El regreso de la tuberculosis

Generaciones de médicos, políticos y funcionarios de salud pública lucharon para derrotar a la tuberculosis. Sin embargo, después de años de éxito, la tuberculosis está en franco retorno. El aumento de los casos de tuberculosis en el mundo desarrollado desde 1992 inicialmente se atribuyó al VIH. Pero, con el tiempo, surgieron otros factores detrás de la creciente cantidad de casos, como la inmigración y un tipo particular de tuberculosis resistente a los medicamentos.

La Organización Mundial de la Salud desarrolló una estrategia para combatir el retorno de la tuberculosis, que incluye una terapia estandarizada que especifica qué drogas, dosis y momento de aplicación de la terapia son apropiados. Desafortunadamente, la tuberculosis resistente a múltiples drogas (MDR-TB), que es cualquier tuberculosis resistente a los tratamientos tradicionales de isoniazida y rifampicina, representa un desafío importante: dado que el tratamiento estándar es menos efectivo para curarla, su transmisión continúa.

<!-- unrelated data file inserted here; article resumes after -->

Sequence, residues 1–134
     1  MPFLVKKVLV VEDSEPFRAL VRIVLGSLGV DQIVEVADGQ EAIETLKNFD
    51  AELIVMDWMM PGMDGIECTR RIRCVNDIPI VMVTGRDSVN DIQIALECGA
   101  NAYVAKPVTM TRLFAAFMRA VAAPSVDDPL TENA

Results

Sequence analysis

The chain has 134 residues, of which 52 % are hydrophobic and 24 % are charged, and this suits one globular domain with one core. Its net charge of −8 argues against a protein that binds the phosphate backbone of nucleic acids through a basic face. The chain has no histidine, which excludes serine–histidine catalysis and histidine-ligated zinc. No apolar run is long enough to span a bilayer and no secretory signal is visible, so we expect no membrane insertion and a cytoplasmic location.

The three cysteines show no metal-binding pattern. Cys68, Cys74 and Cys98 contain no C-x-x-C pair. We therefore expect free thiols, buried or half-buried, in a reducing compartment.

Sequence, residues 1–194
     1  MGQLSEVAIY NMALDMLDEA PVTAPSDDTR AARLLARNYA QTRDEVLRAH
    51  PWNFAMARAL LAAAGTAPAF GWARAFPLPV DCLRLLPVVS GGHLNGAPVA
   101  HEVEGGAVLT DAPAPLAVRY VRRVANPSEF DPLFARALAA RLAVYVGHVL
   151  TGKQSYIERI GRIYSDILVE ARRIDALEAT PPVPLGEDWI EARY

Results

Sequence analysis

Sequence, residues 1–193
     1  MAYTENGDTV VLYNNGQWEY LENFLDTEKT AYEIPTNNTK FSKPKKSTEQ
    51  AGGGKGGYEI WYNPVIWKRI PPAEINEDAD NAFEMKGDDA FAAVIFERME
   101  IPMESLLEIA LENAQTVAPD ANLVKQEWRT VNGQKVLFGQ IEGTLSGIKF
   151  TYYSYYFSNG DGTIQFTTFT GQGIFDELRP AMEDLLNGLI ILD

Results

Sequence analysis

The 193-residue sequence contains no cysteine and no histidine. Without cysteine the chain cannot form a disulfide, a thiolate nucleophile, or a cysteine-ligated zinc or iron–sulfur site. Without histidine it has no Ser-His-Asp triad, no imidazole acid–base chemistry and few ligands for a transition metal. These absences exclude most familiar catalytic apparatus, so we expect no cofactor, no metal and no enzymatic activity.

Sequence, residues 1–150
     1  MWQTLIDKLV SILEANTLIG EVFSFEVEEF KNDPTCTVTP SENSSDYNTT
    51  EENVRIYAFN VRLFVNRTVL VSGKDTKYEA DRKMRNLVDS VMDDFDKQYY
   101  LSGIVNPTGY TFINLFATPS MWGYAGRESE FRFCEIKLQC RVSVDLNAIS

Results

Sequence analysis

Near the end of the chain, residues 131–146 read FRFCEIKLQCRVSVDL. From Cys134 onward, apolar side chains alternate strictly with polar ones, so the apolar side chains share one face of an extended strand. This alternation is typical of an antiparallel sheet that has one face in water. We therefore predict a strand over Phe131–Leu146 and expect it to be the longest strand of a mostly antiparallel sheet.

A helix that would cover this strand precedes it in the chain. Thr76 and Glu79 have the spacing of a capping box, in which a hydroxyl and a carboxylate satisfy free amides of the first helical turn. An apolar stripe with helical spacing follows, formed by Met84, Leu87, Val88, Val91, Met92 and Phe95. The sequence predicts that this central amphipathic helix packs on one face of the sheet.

Es más, cualquier tuberculosis tratada de manera inadecuada se vuelve resistente a múltiples drogas, de modo que un tratamiento fallido puede ser la causa o la consecuencia de la MDR-TB. Esto subraya la necesidad de un régimen determinado para tratar hoy la tuberculosis, así como una estrategia más compleja para controlar la enfermedad -una estrategia que cure la mayor cantidad de casos posible, impida una resistencia adquirida a las drogas y reduzca la transmisión de la infección-. La OMS recomienda lo que da en llamar una “Estrategia de Terapia Directamente Observada” (DOTS) y ha establecido umbrales de diagnóstico de por lo menos el 70% de los casos infecciosos, y umbrales curativos del 85%.

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